Anon: First of all what D Signh is referring to "sparklies" is actually known as "jitter". This is identifiable as a very short "chirp" or as an audible split second loss of signal. Another benefit of a coaxial digital cable is that is has a much higher bandwith up in the gigaHertz range rather than optical which is only the full audio bandwith 20Hz-20KHz for home audio . Optical cables offer much in the same way of performance that coaxial cables do for short lengths. With longer lengths however, coaxial runs are better because they are less subject to jitter. Also since the light pulses have to be converted to an electrical signal whereas the coaxial signal is already in electrical form,this adds an extra step to the to the process for an optical signal. This can result in more timing errors which are the root cause of jitter and signal loss. Comparing the less than 1V p-p signal of an optical cable after conversion to an electrical signal to the huge bundles of fine quality optical glass runs on the ocean floor and the requisite system to power such is like comparing a jon boat to the Titanic.
 

New member
Username: Shertzerj

Post Number: 1
Registered: Oct-05
Speaking of problems with optical inputs, has anybody ever been able to fix an optical input "door" that's been broken? On my decent Onkyo receiver, I had to remove the three optical cables from the unit the other day for the first time, and when I did, two of the doors broke. Right now they're being precariously held in place in the back of the unit with electrical tape. This is a terrible design, but is there a way to fix the doors or at least give the cables better support? Thank you.
 

Dr Daniel
Unregistered guest
Hi, I have a Sanyo DVD player with Digital optical out and a Hitachi 5-1 Surround speaker kit with DD amplifier with a Digital coaxial in. Have anyone used a convertor to convert optical to coaxial and what the pro and con? Thank.
 

Installer.
Unregistered guest
the conversion rate takes time.

on some earlier posts id just like to say this.

fibre optics travels at 1 metre per second the only thing faster isnt even used for audio purposes. how ever even though fibre can be laid out for miles you have to have a signal booster every kilometer or the signal degredation will make the signal unusable. at distances of 10 - 2000 feet the human ear cant hear the difference speed makes in any type of cable. the only thing you really need to worry about is the connection points and how many times you plan on moving it. also a rule of thumb is that fibre has a minimal bend radius of 8 inches, however if you have ever installed any you know that the reality is about a 2 - 3 inch minimal bend radius. also depending on the grade of the cble jacketing it isnt that fragile....i once witnessed a 175lb man jump up and down repeatedly on 1 after i had got it caught hard core in a crack on the real (perhaps at a bend radius of .0015 inches at about 50lbs of preasure) and it didnt break and tested clean. fibre is cool and all but unless you are using it for internet connection you are wasting your money.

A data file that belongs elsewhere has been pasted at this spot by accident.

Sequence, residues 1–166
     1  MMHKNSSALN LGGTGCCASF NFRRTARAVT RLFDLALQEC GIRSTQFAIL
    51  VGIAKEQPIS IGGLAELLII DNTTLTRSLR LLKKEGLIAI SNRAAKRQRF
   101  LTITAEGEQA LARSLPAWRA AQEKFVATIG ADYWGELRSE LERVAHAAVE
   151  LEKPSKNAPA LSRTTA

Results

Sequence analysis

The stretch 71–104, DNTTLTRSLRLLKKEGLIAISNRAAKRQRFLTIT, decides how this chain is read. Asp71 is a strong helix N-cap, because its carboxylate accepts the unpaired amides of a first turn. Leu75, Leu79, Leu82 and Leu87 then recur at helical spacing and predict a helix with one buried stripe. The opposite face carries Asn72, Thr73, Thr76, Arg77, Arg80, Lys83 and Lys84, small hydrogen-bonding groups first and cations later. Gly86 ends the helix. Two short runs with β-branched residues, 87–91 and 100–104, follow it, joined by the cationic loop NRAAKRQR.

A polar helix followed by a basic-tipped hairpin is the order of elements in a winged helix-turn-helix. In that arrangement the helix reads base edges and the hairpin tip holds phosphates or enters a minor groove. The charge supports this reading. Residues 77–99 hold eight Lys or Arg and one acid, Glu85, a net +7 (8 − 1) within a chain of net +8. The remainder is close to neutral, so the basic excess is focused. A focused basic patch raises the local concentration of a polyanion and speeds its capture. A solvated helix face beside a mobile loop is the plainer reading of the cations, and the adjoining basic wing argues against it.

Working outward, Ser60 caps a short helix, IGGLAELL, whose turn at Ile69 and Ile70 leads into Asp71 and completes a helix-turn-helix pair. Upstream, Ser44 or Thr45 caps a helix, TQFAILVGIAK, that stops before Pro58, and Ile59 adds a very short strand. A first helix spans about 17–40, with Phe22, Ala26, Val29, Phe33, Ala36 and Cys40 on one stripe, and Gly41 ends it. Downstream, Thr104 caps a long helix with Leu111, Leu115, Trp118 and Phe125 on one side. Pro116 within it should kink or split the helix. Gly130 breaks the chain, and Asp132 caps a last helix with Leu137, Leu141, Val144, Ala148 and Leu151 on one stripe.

a 62.5 micron cable can carry multiple light streams at different wavelengths each stream capable of carrying 10,000,000 phone conversations.
 

Bronze Member
Username: D_singh

Post Number: 35
Registered: Sep-05
Installer...

Fiber optics utilizes light. Light travels exponentially faster than 1 m/s. In fact, the speed of light is aroung 300000000, or 3 X 10^8 m/s.

If you're talking conversion of signal, then you may be right, BUT, electrons in conducting material also travel MUCH faster than 1 m/s. I think typical drift velocity of an electron flowing through copper wire is 1000000 m/s, or 1 X 10^6 m/s.
 

Installer.
Unregistered guest
well mr singh you need to go tell the guys that write the manuals how fast light travels. umm oh yea light doesnt travel at a constant speed 1st off secondly the figures you have thrown out suget you are using as a medium a nonfriction vacume style layout. also you must remember that the light will not be travelling in a strait line it will be reflecting off the walls. and back to my original point light doesnt travel at a constant rate of speed it has in fact been found that some particles of light travel as fast as 35 MPH. do your homework friend thats what google is for.
 

Unregistered guest
We recenlty got Digital Cable with the converter box that has a coaxial digital out on the back. My Sony reciever has one Optical Digital and one Coaxial Digital out. I've got a Sony DVD that has one of each also. My DVD manual shows me connecting both optical and coaxial outs to the back of the reciever not leaving me room for my cable converter box. My question is do I need both lines coming from the back of the DVD to the reciever or can I use just the optical and get the same sound quality? Or do I need both connections to properly decode? If I need both, then can I run a splitter on the recievers Coaxial Digital out and connect both the cable box coaxial digital out and the DVD player coaxial digital out? Thank you for you help. This is all too confusing for a novice!
 

Unregistered guest
Hi! I have creative audigy 2 Nx, and Speakers: Creative inspire 7.1 TD 7700 (with decoder) with optical connection. Could anybody please tell me why Dolby Digital, Dolby Digital Ex doesn't work ?????
 

Delcret
Unregistered guest
Which would be better - a 3 foot or a 6 foot digital coax cable. (the connection distance is only going to be 3ft)
 

Silver Member
Username: Diverhank

Huntington Beach, CA

Post Number: 108
Registered: Sep-05
Delcret Quote:"Which would be better - a 3 foot or a 6 foot digital coax cable. (the connection distance is only going to be 3ft)"

Shorter is always better, both for the pocket book and for the signals.
 

not an installer
Unregistered guest
Installer: Light speed does vary, but for these types of conversations 3x10^8 m/s is close enough. It will slow down depending on the desity and composition of the air inside the cable, and the distance travelled by the light particles will be greater than the length of the cable because of the reflections. It will never be anything close to as slow as 35 miles per hour.